Skylights featured three times on Earth Science
Picture of the Day: 1
Photo of the Week.. Trees exalt the contrasting sky.
Astronomy news for the week starting Friday, October 1, 2004.
Our Moon, having just passed full, spends most of the week in its
waning gibbous state, rising ever later after
sundown, while not reaching
third quarter until the morning of Wednesday, October 6. Less
than a day before the quarter, it passes apogee, where it is just over five percent farther from
us than average (the effect not noticeable with the naked eye).
With the Sun still not far from the Autumnal Equinox, the third quarter will be just a bit
beyond the Summer Solstice, in Gemini, and will be seen quite high
in the sky around the time of sunrise.
The morning sky still hosts the visible planets, though Saturn
now actually rises just before local midnight (1 AM daylight
time). Watch the Moon pass to the north of it the morning of
Thursday the 7th. Only a month ago, Saturn passed conjunction with
Venus. Though both are moving east against the stars, Venus --
keeping close pace with the Sun -- is moving much the
faster, causing the two planets to separate in angle. While Saturn
rises ever earlier, Venus rises ever later, not coming up now until
around 3:30 AM Daylight Time (still plenty early enough to be high
in the east in growing morning twilight). And while Saturn is in
Gemini, Venus has shifted a full constellation over. Around noon
on Sunday October 3 Venus will pass conjunction with Regulus in Leo. Watch in the dark hours before dawn that same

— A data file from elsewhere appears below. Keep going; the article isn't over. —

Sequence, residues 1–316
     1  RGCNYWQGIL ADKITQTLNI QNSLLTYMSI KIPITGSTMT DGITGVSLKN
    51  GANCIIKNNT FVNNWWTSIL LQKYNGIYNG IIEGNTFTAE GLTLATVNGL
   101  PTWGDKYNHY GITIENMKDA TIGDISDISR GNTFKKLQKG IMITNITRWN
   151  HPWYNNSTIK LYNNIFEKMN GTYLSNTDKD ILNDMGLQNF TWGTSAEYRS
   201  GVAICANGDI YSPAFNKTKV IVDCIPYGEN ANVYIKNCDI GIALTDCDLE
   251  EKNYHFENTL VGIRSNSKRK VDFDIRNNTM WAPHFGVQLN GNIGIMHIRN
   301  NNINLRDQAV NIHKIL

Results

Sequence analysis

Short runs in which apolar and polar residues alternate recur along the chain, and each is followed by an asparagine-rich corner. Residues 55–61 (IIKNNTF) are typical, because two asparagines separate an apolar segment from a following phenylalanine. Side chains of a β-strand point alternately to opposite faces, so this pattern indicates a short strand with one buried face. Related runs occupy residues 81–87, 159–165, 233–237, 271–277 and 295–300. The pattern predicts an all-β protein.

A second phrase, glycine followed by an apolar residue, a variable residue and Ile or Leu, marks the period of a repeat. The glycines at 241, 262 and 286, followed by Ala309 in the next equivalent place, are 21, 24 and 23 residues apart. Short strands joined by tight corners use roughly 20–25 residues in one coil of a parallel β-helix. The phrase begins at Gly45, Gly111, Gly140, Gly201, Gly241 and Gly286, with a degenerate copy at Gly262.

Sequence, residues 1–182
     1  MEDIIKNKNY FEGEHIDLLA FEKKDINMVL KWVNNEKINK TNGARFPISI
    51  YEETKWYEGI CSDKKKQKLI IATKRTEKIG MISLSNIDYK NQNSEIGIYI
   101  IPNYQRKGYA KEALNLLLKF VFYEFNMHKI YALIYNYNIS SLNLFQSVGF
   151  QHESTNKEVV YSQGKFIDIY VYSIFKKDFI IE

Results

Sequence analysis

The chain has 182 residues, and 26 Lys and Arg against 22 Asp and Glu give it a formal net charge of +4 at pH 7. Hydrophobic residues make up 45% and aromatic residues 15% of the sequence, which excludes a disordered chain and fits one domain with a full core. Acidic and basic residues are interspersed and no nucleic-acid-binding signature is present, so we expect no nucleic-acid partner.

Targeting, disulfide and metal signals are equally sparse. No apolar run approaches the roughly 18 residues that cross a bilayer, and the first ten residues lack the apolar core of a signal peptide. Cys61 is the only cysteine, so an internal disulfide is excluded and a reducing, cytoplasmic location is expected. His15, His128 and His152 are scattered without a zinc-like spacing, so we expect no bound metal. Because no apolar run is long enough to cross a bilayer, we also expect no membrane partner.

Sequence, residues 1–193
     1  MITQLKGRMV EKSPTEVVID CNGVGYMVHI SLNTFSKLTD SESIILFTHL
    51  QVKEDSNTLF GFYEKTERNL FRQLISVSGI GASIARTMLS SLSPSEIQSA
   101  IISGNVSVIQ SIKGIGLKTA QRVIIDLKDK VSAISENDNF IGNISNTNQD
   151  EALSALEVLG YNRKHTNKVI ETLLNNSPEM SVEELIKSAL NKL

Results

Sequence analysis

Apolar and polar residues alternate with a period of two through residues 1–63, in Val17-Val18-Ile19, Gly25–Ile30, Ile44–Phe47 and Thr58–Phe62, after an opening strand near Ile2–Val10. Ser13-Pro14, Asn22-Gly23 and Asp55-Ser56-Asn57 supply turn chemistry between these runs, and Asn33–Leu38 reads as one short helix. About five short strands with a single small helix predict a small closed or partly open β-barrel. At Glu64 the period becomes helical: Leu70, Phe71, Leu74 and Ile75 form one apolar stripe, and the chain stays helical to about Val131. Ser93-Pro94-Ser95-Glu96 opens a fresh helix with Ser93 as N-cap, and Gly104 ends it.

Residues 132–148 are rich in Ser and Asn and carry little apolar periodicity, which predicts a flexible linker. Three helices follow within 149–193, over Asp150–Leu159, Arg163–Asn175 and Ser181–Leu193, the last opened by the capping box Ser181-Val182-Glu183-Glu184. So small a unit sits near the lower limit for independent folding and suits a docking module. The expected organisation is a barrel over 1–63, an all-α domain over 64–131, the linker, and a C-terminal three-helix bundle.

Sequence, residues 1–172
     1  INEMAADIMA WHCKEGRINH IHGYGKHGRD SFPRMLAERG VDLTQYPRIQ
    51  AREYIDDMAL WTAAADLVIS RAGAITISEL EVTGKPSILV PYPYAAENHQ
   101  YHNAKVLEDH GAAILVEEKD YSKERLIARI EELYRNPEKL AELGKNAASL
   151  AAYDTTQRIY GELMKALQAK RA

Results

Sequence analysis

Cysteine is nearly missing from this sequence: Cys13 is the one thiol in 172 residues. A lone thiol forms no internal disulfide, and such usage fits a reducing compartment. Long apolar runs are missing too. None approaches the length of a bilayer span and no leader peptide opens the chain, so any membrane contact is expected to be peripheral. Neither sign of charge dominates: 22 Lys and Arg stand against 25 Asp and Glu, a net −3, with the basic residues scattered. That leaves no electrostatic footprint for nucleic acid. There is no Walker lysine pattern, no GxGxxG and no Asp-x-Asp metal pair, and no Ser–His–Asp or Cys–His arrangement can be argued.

morning to see the two only a quarter degree apart (half the
angular diameter of the Moon), Venus vastly the brighter.
And while Venus takes top honors, Mercury
hides, passing superior conjunction with the Sun on Tuesday
the 5th. Jupiter
is still obscured by the Sun's glare as well, but will soon be
making a morning appearance.
Early October evenings still feature the grand Summer Triangle. Deneb (in Cygnus), at the northeastern apex of the Triangle, is
nearly overhead in moderate latitudes, while bright Vega in Lyra shines a bit off to the northwest, and Altair (in Aquila) to the south. Among the most exquisite of
constellations, Lyra is primarily made of a nearly perfect
parallelogram of stars. Off by just a small angle to the northeast
of Vega is the famed double-double star Epsilon Lyrae. If you can see the
widely spaced pair (each of which is again seen double in a
telescope), your vision is exceptionally good. Three fainter
constellations cascade to the south more or less in between Aquila
and Cygnus: faint modern Vulpecula
(the Fox), Sagitta (the Arrow), and
Delphinus (the Dolphin), the latter
again made of a parallelogram with a fifth star sticking out to the
southwest, making the figure look like a hand with a finger
pointing down toward Sagittarius.